Talking brands with Abena Animwaa Yeboah-Banin (PhD): What does COVID-19 teach about the best way to advertise your brand?


How should your brand behave during public health and other emergencies when consumers are facing a threat to their lives and therefore have bigger priorities that listening to you? Should you continue to advertise as though everything is ‘normal’, knowing well that your brand risks sounding rather insensitive. You might get the audience thinking: ‘can’t you see I have bigger issues to deal with?”. No brand can afford the blacklisting that will ensue after you put yourself in this box. Alternatively, should you just keep quiet? Not talking at all can be just as risky, as consumers may misconstrue your quietness to mean an ‘a don k3’ (I don’t care: Ghana style) posture. Even worse, you may fall down the hierarchy of the brands in your targets’ top-of-mind-awareness and consideration set. Both are dangerous from a competition point of view.

So what is the best way to communicate with your targets during a dangerous emergency? It appears COVID-19 pandemic will have something to teach us. While the odds of frequent pandemics of the magnitude we have seen of COVID-19 are slim (thankfully!), Ebola, SARS, and Swine Flu are grim reminders that we all must stay battle-ready. Besides, we all know our brands are one mistake or misfortune away from the kind of unchartered course the pandemic plunged us into. Thankfully, COVID-19 offers the perfect laboratory to understand how people response to brand communication efforts in such situations.

As my research published by Communicatio shows, at the peak of the pandemic, people had a different script by which they judged brand messages. In other words, expectations of advertising content vary in ‘normal’ versus ‘abnormal times’. The paper is titled “Audience Expectations of Advertising during the Covid-19 Pandemic: Evidence from an Approach–Avoidance Theory Study in Ghana” which is book-long version for ‘what people want to hear in your advert during a pandemic’.

We pray there is never another pandemic. However, in the off chance that we must contend with another, or even other emergencies, the research shows that the sweet spot for continued advertising lies with blending messages with triggers of solidarity emotions. In other words, there is no need to shut up. You can and should continue to talk during such situations, budget permitting. However, be careful what you say.

According to the research, to catch audience attention in such situations, you will need messages that creatively combine something for you and for them. It found that at peak times during the pandemic, the audience deemed it appropriate for brands to include pandemic-related information in their advertising. This means if you revised your emergency-period advertising message to include information about the challenge – e.g., how to stay safe etc., no one will think you are out of line. The study also found that the audience preferred such messages over and above those that focused only on promoting a brand. Importantly, they were three times more likely to pay attention to such adverts. Why, because their wellbeing is paramount to them and so including messages about this gets them interested.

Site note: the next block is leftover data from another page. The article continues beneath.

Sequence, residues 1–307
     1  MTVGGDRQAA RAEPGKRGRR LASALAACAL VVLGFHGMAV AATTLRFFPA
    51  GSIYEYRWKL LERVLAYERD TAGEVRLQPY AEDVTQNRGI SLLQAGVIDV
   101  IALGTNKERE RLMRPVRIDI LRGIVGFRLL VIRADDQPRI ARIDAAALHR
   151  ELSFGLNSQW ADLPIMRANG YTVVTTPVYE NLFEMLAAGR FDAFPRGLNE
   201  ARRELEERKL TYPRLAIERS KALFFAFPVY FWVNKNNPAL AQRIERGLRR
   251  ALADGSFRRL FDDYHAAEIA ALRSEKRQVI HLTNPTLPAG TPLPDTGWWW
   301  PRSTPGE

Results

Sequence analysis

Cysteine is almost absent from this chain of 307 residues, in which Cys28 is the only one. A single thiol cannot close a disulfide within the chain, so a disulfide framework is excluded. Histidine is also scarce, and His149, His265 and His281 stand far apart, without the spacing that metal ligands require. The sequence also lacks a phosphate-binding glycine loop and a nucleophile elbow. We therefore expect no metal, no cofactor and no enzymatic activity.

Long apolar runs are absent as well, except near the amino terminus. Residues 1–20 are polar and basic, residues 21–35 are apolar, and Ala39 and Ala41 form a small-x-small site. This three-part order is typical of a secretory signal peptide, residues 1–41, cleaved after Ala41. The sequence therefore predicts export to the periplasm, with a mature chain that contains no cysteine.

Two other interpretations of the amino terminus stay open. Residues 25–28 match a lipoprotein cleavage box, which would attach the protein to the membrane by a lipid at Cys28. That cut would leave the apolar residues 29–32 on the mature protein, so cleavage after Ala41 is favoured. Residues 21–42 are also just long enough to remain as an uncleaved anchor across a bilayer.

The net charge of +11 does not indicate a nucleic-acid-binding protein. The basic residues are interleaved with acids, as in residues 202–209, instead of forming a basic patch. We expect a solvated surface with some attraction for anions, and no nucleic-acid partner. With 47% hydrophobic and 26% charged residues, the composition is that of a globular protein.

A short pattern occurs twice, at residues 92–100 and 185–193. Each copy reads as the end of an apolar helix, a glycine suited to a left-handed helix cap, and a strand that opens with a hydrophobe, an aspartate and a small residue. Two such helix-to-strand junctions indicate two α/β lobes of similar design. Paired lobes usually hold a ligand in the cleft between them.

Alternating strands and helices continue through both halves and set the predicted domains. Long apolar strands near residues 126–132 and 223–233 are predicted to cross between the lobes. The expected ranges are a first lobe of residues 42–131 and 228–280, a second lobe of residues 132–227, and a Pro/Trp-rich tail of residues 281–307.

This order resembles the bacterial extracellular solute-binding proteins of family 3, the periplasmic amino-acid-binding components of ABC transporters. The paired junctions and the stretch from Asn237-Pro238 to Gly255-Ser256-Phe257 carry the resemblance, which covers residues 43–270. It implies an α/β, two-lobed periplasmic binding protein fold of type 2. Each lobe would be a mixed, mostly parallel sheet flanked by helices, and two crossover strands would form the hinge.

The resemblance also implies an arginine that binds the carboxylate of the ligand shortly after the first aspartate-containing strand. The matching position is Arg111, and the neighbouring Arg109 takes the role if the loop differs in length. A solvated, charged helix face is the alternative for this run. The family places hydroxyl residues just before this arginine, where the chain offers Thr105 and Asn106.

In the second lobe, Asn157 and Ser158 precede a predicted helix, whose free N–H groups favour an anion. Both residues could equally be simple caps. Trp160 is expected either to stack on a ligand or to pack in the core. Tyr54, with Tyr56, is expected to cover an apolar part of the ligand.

Thus, when talking to such audiences, you will need to revise your script to take on a more pro-consumer stance. People form relationships with your brand and expect that, like a friend, you will support them through hard times. When you are responsive by sharing supportive messages during such situations, not only do you meet expectations, but you also awaken positive feelings towards you. People do take note of friends who really care for them, so the act of kindness is not lost on them. So, take time to infuse your advertising messages with some education about the issue causing the emergency- statistics, safety tips, arrangements to ensure safe transactions, and so on. Include a note in your advert that says: ‘stay safe’, ‘this is how to stay safe’, ‘we are with you in this’, ‘we are revising the way we do things so you will be fine’ etc. If you cast your mind back to 2020, perhaps, you might remember how adverts often told you to wear your mask, stay home or wash your hands frequently. Now you know the benefit the advertised brands were seeking to cash in on.

The pandemic has made us acutely aware that our audiences are spoilt for choice and will not stick around to consume boring and irrelevant content. They want your content to be spicy, engaging and worth their while, particularly if listening to/watching costs them money spent to buy internet data. Remember, in such situations, they are bombarded with information including on how to stay safe (which is actually of interest to them). This can be overwhelming, making them even more picky when consuming advertising messages. Thus, as they battle the barrage of information fighting for their attention across different media, the already difficult task of catching and retaining their attention gets even harder. One of your best bets is to play a game of ‘we are in this together’ when advertising to them.

The author is a senior lecturer at the University of Ghana Department of Communication Studies ([email protected]) 

PS: The full copy of the research explained in this article is accessible here and may be subject to subscription fees:


Leave a Reply